A person who knowingly fails to comply with any of the requirements of this section is guilty of a class C felony if the crime for which the individual was convicted was a[n] . . . out-of-state conviction for an offense that under the laws of this state would be a felony sex offense as defined in subsection (10)(a) of this section.
Former RCW 9A.44.130(11)(a) (2006) (emphasis added).
¶8 Mr. Werneth urges us to apply the three-step analysis for determining the Washington sentencing consequences of an out-of-state conviction set out in State v. Russell, 104 Wn. App. 422, 440, 16 P.3d 664 (2001). And Russell seems to provide an appropriate analytical approach.
¶9 To determine whether Georgia's crime of child molestation is a "felony sex offense" under former RCW 9A.44.130(11)(a), we must (1) convert the out-of-state crime into its Washington counterpart; (2) determine whether the Washington counterpart was a "felony sex offense" on the date the current offense was committed; and (3) assign the same consequence (registration requirement), if any, to the out-of-state conviction. See Russell, 104 Wn. App. at 440. The purpose of this analysis is to "ensure that the out-of-state court found each element of the Washington counterpart crime, just as a Washington court would have if the defendant had been prosecuted here." Id. at 442-43.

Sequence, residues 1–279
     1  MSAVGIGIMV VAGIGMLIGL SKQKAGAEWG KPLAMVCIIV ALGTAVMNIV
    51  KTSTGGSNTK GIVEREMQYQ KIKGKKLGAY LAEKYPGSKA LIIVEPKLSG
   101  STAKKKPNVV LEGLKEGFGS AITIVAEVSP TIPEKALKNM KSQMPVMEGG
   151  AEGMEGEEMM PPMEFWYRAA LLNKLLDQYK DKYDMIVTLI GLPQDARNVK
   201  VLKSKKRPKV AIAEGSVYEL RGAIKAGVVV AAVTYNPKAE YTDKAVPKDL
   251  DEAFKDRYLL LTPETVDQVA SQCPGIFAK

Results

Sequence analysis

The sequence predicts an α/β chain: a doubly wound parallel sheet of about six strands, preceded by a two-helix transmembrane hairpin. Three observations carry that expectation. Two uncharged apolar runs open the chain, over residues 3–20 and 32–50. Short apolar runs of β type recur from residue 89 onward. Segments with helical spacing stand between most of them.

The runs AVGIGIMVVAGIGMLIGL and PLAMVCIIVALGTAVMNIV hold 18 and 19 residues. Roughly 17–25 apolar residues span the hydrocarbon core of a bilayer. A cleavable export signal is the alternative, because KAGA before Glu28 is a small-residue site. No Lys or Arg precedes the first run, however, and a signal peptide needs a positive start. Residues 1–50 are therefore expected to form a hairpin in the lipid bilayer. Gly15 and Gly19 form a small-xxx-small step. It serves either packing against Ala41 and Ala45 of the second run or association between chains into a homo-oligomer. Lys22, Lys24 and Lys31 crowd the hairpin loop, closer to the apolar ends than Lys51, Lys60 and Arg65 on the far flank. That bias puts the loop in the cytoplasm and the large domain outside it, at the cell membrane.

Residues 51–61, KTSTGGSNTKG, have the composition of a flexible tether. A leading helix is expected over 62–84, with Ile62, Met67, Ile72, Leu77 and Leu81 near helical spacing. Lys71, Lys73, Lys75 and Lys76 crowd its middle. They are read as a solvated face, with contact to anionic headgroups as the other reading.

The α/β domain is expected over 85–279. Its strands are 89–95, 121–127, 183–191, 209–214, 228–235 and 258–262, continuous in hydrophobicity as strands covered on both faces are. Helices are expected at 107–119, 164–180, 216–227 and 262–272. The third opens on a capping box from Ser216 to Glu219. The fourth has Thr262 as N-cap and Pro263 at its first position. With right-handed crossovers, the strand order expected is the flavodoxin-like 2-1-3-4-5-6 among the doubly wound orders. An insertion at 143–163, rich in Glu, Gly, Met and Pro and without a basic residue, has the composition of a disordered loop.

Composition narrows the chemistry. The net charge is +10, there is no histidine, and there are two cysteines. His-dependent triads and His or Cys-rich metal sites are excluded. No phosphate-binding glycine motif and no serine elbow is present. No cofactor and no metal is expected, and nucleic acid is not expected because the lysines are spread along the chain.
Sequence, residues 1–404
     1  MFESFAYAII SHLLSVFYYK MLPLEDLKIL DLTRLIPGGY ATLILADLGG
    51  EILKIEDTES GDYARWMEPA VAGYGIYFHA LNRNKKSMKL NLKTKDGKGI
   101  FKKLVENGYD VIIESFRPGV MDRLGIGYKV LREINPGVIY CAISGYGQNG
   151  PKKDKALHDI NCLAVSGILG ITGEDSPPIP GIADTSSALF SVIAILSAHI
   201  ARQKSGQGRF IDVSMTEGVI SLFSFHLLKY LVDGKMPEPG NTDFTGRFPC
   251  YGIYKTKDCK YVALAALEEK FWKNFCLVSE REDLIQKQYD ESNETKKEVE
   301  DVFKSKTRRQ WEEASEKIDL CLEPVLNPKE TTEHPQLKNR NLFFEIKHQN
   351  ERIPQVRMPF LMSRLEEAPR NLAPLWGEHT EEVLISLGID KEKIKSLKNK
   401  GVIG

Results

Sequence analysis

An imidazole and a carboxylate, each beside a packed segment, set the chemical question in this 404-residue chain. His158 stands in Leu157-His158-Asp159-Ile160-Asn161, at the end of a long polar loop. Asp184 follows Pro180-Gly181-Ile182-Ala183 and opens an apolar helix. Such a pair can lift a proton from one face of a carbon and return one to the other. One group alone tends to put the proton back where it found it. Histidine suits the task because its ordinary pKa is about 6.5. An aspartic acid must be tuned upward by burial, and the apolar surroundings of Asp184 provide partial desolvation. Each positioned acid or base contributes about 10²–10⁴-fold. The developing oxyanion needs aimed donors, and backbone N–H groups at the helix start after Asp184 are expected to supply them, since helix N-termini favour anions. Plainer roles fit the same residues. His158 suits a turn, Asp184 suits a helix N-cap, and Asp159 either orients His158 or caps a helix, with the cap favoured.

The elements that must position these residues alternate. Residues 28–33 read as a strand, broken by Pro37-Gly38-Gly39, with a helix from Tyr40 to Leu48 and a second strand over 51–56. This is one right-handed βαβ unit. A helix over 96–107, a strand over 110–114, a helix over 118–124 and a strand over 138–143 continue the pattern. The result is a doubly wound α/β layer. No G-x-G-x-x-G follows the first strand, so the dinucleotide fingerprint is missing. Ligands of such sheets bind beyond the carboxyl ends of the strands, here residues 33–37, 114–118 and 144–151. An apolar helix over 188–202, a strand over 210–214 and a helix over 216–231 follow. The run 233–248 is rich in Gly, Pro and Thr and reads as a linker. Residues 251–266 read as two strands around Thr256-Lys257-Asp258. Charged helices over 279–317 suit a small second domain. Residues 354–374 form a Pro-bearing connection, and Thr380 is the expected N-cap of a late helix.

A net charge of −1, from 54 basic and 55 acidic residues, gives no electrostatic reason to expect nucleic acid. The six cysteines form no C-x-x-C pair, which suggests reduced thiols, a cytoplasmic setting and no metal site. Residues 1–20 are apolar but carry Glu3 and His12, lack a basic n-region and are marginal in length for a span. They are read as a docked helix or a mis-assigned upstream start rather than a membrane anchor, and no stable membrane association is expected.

¶10 Mr. Werneth entered an Alford plea to the Georgia crime of child molestation in 1992. Georgia's child molestation statute provided:
A person commits the offense of child molestation when he does any immoral or indecent act to or in the presence of or with any child under the age of 14 years with the intent to arouse or satisfy the sexual desires of either the child or the person.
Former GA. CODE ANN. § 16-6-4(a) (1992).
¶11 In 1992, Washington's second degree child molestation statute required a showing of